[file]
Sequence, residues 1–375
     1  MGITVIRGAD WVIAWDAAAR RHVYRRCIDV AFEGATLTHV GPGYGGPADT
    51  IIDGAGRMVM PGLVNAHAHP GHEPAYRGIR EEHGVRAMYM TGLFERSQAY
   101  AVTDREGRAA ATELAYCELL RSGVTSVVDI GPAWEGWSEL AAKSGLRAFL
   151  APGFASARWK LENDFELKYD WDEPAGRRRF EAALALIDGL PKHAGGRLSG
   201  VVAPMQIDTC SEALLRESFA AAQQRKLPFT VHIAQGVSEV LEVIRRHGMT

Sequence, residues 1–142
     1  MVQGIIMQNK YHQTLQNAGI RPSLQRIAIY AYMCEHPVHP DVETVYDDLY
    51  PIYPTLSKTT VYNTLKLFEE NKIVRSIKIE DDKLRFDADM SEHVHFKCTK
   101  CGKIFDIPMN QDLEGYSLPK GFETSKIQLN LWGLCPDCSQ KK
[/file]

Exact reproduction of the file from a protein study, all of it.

Sequence, residues 1–375
     1  MGITVIRGAD WVIAWDAAAR RHVYRRCIDV AFEGATLTHV GPGYGGPADT
    51  IIDGAGRMVM PGLVNAHAHP GHEPAYRGIR EEHGVRAMYM TGLFERSQAY
   101  AVTDREGRAA ATELAYCELL RSGVTSVVDI GPAWEGWSEL AAKSGLRAFL
   151  APGFASARWK LENDFELKYD WDEPAGRRRF EAALALIDGL PKHAGGRLSG
   201  VVAPMQIDTC SEALLRESFA AAQQRKLPFT VHIAQGVSEV LEVIRRHGMT

Sequence, residues 1–142
     1  MVQGIIMQNK YHQTLQNAGI RPSLQRIAIY AYMCEHPVHP DVETVYDDLY
    51  PIYPTLSKTT VYNTLKLFEE NKIVRSIKIE DDKLRFDADM SEHVHFKCTK
   101  CGKIFDIPMN QDLEGYSLPK GFETSKIQLN LWGLCPDCSQ KK